The contamination of Baxter International Inc.'s recalled blood thinner heparin likely was done for economic reasons, the head of the U.S. Food and Drug Administration said on Tuesday.
"It was apparently, we suspect, done by virtue of economic fraud," FDA Commissioner Andrew von Eschenbach told a Senate hearing.
Baxter recalled most of its heparin products in February after reports of allergic reactions and deaths. An FDA investigation later uncovered a heparin-like substance in some batches of the drug's active ingredient, which is made in China.
The contaminant was identified last month as a modified form of chondroitin sulfate, a chemical FDA officials have said is likely cheaper to make than real heparin, which is derived from pig intestines.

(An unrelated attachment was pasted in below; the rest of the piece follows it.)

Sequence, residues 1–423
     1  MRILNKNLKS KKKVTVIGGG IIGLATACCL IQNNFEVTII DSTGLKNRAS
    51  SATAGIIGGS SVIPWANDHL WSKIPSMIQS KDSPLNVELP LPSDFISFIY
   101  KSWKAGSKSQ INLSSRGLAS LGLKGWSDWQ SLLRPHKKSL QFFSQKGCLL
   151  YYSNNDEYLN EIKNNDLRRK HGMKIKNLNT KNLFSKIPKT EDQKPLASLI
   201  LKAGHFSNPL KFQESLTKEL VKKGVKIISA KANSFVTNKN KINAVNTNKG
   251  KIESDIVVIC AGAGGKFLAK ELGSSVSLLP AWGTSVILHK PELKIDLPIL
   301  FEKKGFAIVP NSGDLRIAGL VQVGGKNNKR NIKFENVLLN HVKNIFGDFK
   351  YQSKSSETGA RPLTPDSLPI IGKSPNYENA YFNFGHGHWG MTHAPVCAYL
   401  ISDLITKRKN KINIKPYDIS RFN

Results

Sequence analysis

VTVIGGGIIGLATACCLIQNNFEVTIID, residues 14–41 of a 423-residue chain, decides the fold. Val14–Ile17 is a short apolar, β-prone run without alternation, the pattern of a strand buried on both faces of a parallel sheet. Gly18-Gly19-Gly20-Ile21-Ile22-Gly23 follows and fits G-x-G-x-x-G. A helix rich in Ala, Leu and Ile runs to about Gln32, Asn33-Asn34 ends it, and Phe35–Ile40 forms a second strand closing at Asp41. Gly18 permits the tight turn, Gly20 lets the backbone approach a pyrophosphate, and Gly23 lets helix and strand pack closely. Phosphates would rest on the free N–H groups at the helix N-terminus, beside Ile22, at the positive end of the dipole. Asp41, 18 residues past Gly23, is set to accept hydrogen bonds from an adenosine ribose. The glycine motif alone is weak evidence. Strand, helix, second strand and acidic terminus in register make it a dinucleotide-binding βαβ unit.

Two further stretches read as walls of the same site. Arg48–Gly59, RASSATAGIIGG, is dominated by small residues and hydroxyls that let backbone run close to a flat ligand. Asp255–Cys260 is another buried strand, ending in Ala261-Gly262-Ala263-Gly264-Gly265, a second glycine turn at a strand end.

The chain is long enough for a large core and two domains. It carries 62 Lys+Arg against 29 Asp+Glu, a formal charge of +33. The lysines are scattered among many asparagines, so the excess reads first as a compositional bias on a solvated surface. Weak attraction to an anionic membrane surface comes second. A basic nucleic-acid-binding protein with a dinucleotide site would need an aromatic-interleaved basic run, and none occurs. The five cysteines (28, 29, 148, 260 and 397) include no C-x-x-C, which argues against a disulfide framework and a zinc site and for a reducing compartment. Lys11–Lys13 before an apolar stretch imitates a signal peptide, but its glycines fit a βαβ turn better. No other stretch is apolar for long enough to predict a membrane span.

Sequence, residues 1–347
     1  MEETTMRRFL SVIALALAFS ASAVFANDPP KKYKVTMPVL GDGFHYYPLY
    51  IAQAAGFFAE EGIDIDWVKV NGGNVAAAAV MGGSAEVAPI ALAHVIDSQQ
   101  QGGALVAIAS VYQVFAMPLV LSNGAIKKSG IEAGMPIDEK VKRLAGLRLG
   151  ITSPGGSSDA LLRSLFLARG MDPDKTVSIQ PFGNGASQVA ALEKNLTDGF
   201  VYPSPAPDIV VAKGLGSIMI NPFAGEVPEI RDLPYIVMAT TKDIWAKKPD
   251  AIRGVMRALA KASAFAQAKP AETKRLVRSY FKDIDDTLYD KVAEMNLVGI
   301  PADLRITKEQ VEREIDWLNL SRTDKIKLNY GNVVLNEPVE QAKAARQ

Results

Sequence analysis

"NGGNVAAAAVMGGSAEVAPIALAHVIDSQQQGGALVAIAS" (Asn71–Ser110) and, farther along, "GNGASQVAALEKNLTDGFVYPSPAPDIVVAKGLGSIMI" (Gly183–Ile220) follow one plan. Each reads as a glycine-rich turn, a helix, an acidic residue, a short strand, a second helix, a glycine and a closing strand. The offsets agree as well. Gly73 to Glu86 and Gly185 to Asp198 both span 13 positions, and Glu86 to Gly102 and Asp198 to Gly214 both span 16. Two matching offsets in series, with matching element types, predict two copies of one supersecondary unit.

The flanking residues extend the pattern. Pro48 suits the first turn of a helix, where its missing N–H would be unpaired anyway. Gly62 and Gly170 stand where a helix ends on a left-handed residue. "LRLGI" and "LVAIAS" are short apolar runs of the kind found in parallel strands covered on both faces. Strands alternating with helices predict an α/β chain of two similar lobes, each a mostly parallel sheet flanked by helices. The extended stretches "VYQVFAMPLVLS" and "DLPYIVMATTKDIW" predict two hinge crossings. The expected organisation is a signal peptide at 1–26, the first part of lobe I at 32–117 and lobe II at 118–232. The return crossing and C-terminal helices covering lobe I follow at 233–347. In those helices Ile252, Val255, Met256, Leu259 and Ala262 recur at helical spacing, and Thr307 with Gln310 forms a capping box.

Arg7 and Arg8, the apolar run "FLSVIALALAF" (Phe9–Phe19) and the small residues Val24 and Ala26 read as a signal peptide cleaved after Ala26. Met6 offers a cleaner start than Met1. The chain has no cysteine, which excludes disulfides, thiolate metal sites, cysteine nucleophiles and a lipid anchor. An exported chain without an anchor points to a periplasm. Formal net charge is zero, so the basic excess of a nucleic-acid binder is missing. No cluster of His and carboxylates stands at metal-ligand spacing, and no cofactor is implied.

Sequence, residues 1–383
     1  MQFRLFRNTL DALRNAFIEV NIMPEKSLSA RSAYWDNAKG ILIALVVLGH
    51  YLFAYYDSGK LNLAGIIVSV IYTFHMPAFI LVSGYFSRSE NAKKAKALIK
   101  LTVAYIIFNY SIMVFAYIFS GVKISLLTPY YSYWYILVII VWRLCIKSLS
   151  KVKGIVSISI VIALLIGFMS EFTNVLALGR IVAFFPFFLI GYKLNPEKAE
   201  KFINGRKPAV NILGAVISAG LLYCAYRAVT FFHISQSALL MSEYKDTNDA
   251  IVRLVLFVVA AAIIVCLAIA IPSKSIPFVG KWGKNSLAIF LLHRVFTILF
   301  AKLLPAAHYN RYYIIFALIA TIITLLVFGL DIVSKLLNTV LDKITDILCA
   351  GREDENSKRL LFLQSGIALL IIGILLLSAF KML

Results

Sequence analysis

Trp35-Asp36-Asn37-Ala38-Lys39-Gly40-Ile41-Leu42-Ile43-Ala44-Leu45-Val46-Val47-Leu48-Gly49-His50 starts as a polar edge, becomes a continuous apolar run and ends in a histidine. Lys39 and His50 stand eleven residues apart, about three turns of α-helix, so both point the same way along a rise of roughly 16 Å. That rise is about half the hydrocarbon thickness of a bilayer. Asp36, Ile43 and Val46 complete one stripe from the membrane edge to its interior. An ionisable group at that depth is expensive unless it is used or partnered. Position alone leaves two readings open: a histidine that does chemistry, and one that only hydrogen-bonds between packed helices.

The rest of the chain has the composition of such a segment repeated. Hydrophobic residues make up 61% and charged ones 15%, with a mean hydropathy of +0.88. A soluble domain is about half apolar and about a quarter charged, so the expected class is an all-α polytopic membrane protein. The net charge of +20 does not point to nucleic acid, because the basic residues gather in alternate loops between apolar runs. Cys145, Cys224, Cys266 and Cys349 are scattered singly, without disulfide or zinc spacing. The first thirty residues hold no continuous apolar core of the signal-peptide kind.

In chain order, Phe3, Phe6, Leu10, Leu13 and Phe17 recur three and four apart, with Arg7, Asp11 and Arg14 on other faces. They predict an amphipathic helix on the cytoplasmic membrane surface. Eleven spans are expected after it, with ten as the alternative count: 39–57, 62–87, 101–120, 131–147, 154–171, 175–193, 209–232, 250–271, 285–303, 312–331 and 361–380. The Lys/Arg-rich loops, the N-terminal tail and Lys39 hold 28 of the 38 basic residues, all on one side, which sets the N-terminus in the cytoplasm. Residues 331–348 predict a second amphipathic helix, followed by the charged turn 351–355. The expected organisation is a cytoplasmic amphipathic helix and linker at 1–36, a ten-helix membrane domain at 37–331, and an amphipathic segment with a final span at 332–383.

Speaking to reporters after the hearing, von Eschenbach said the altered chemical would not have occurred during any normal processing. While the agency has no specific evidence of fraud, "the concern is that it had to be by design," he said.
Von Eschenbach added that the agency is not investigating motive, but would leave that to Chinese officials.
Representatives for Baxter could not be immediately reached for comment.